- LEGACY, Bethel’s historical character interpretation group, welcomed Douglass Thompson Bates III, an attorney from Centerville, Tenn., as a guest speaker on Thursday, Jan. 17. Bates shared with the group his recipe for becoming successful. Bates also role played with the group and shared his personal experiences that included a visit to Martin Luther King Jr.'s church the Sunday after his assassination.
- Prospective traditional undergraduate students were on campus on Thursday, Jan. 17 for Bethel's Winter Preview Day. Students had the opportunity to meet with various departments and to tour campus and get a feel for the school. Students can also contact the Office of Enrollment Services about the Hendrix Scholarship Competition on Feb. 22 & 23, and an Open House on Saturday, March 16. Prospective students who cannot attend these events are encouraged to contact Enrollment Services at 731-352-4030 or at email@example.com to determine a campus visit that will be convenient to them.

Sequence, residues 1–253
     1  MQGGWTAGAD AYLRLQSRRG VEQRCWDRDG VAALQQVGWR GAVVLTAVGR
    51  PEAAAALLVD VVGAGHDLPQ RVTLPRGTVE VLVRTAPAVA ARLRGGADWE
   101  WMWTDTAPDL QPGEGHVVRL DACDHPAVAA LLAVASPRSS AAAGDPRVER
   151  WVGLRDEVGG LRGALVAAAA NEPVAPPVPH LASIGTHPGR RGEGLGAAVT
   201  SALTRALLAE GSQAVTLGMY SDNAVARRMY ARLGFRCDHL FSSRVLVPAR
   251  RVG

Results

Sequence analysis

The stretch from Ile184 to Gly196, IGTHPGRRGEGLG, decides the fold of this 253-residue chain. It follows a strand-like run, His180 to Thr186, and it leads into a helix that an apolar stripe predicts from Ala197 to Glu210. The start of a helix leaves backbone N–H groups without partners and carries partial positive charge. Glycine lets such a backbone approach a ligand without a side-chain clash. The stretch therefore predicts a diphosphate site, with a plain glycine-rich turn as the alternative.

- The American Red Cross is proud to partner with Bethel University to raise awareness about a condition that is prominent within the community but rarely spoken about. Sickle Cell Anemia affects more than 80,000 people in the U.S., 98 percent of whom are African American. This blood disorder is an inherited disease that causes red blood cells to form in an abnormal crescent shape, which doesn’t move easily through the blood vessels. When sickle-shaped cells block small blood vessels, blood flow decreases to that part of the body. Tissue that does not receive normal blood flow eventually gets damaged, causing pain and organ damage. Lamar Bowen of Bethel University lives with Sickle Cell and says this is an issue the community must address. “I think it is very important to talk about Sickle Cell. We have to educate ourselves about this condition to raise awareness about the importance of donating blood and to help educate future generations,” said Bowen. “There area people out there living with Sickle Cell who are struggling to find the right blood type match. I want the community to know that giving blood could help save a life and prevent someone from having to go through serious pain.” Bowen is a proud member of Phi Beta Sigma Fraternity, Inc. His fraternity brothers are fully supportive of the drive, “We hope this blood drive is a huge success and that we get the most donors are possible to help those in need,” said Bowen. Patients living with this special condition need frequent transfusions to survive. A single Sickle Cell patient could receive up to 100 pints of blood each year to continue to live with the disease. Because certain blood types are unique to certain racial or ethnic groups, it is essential that the diversity of the blood donors match the diversity of these patients in need. Transfusions from blood donors of the same ethnic background are most beneficial because they have less chance of causing complications for the recipient. * If you have sickle cell disease, you are not eligible to donate blood. * If you have sickle cell trait, you are eligible to donate blood. The American Red Cross is holding the first Sickle Cell blood drive in the Bethel Community on January 23, 2013 from 11:30 a.m. to 5:30 a.m. at Bethel University. To make your appointment for this blood drive, call 1-800-RED CROSS or visit www.redcrossblood.org and enter sponsor code: 1158 All presenting donors will be entered to win a $1,000 home improvement gift card and a tablet computer valued at $500! This special blood drive is part of our Blue Tag initiative. To ensure that your blood donation goes to help a Sickle Cell patient, please identify yourself as African American or Black and allow our blood collection staff to place a blue tag on your blood donation. The blue tag will notify our processing lab that this blood donation is designated for the Sickle Cell Donor Program. If your blood is not a match for the Sickle Cell Donor Program, it is stored until it is needed. If the blood approaches its expiration date and has not been needed by a Sickle Cell patient, it will be used by another patient in need. The American Red Cross strives to ensure every blood donation helps a patient in need. How to Donate Blood: Call 1-800-RED CROSS (1-800-733-2767) or visit redcrossblood.org for more information or to make an appointment. All blood types are needed to ensure the Red Cross maintains an adequate blood supply. A blood donor card or driver’s license or two other forms of identification are required at check-in. Donors must be in general good health, weigh at least 110 pounds and be at least 17 years old (16 with completed Parental Consent Form). New height and weight restrictions apply to donors 18 and younger. About the American Red Cross: The American Red Cross shelters, feeds and provides emotional support to victims of disasters; supplies more than 40 percent of the nation's blood; teaches skills that save lives; provides international humanitarian aid; and supports military members and their families. The Red Cross is a not-for-profit organization that depends on volunteers and the generosity of the American public to perform its mission. For more information, please visit redcross.org or join our blog at http://blog.redcross.org.